Australia will continue to call out malicious, state-sponsored cyber activity, particularly where it threatens to undermine global economic growth, national security and international stability. In September the Minister for Foreign Affairs co-sponsored with the United States and the Netherlands the Joint Statement on Advancing Responsible State Behaviour in Cyberspace. In February we joined with international partners to publicly attribute malicious cyber activity by Russia against Georgia.

We pivoted activities under our flagship seven-year, $34 million Cyber Cooperation Program to respond to malicious cyber activity exploiting the pandemic. The program supported activities to:

  • improve knowledge and understanding of how international law and norms apply in cyberspace
  • improve partners’ ability to investigate and prosecute cybercrime
  • strengthen capacity to better secure information and communication technology systems.

We continued to deliver on our goal of enhancing Papua New Guinea’s cyber security capability through our $14 million Australia–Papua New Guinea Cyber Security Cooperation Program. The program delivers accredited cybersecurity training for government and industry. Although COVID-19 disrupted some course delivery, eight trainees completed a tier 1 cyber security analyst (CSA) course, with up to another 30 trainees set to undergo this course in 2020–21. Two trainees began a pilot of a remotely delivered tier 2 CSA course, with the potential for another six to commence in 2020–21 pending evaluation of the pilot.

In June the government announced a new four-year, $12.7 million Australia–India Cyber and Critical Technology Partnership, to be coordinated by the department.

Advocating for responsible behaviour in space

Space is an increasingly contested domain which brings both opportunities and risks for Australia. We continued work to shape rules and norms on responsible behaviour in space within the United Nations and other forums. In January we co-sponsored and supported a Wilton Park conference in Singapore where policy makers from 18 Indo-Pacific countries considered protocols and mechanisms to improve communication between commercial and government satellite operators—and between states—to reduce the perception of threats in outer space.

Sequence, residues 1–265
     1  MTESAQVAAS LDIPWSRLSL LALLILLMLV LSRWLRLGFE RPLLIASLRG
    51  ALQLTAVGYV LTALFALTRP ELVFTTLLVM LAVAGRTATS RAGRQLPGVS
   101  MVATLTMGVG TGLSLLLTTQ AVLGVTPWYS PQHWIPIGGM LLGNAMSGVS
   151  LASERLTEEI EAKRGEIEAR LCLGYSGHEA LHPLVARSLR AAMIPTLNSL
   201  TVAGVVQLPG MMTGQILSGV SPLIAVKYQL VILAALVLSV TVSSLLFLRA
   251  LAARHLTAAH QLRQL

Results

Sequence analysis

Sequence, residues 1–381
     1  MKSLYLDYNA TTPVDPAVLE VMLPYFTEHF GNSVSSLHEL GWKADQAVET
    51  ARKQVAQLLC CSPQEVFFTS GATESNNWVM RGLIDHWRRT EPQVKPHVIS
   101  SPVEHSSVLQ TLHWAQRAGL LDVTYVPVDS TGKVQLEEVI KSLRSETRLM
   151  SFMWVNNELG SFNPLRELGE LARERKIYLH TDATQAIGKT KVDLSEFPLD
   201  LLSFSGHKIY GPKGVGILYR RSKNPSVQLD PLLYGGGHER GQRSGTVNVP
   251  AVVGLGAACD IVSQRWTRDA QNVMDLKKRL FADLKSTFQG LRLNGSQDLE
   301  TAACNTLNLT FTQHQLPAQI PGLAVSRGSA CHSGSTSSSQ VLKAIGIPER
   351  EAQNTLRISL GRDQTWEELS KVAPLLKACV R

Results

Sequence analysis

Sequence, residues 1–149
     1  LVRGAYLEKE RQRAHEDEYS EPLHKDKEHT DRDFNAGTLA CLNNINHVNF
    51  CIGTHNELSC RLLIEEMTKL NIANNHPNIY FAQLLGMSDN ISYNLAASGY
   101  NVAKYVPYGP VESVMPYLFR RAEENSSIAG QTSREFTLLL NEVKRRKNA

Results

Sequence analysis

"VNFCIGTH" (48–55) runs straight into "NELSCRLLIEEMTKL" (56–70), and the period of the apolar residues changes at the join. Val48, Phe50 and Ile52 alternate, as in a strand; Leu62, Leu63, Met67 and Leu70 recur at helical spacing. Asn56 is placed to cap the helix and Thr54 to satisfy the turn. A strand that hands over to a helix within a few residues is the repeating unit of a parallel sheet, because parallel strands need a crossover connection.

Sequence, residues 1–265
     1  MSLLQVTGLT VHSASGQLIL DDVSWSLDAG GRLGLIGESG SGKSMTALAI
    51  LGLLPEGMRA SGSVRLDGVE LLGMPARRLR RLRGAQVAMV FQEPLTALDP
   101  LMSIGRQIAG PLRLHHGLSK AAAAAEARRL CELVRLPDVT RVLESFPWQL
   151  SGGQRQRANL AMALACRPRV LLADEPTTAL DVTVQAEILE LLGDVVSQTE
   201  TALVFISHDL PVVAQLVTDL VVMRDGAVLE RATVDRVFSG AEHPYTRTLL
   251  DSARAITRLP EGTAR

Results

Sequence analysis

In October at the UN General Assembly First Committee devoted to disarmament and international security, we worked to encourage both stability and responsible behaviour in space, promoting international cooperation. The aim is to build transparency and confidence between nations, rather than an outright prohibitions-based approach, which fails to recognise the dual-use nature of many space objects.

Advocating for arms control and counter-proliferation

The threat posed by nuclear, chemical, biological and conventional weapons has not diminished. Our work to progress arms control, disarmament and counter-proliferation priorities was strengthened by the appointment in December of Australia’s inaugural Ambassador for Arms Control and Counter-Proliferation.

On nuclear weapons, in November we supported the Foreign Minister’s co-chairing of a Ministerial Meeting in Nagoya, Japan, as coordinator for the 12-country, cross-regional Non-Proliferation and Disarmament Initiative (NPDI).The ministers’ statement promoting the Nuclear Non-Proliferation Treaty as the cornerstone of the non-proliferation and disarmament regime was an important step to reinforce the treaty’s importance. A Review Conference in 2020 marking the 50th anniversary of the entry into force of the Non-Proliferation Treaty was delayed by COVID-19 and rescheduled for 2021.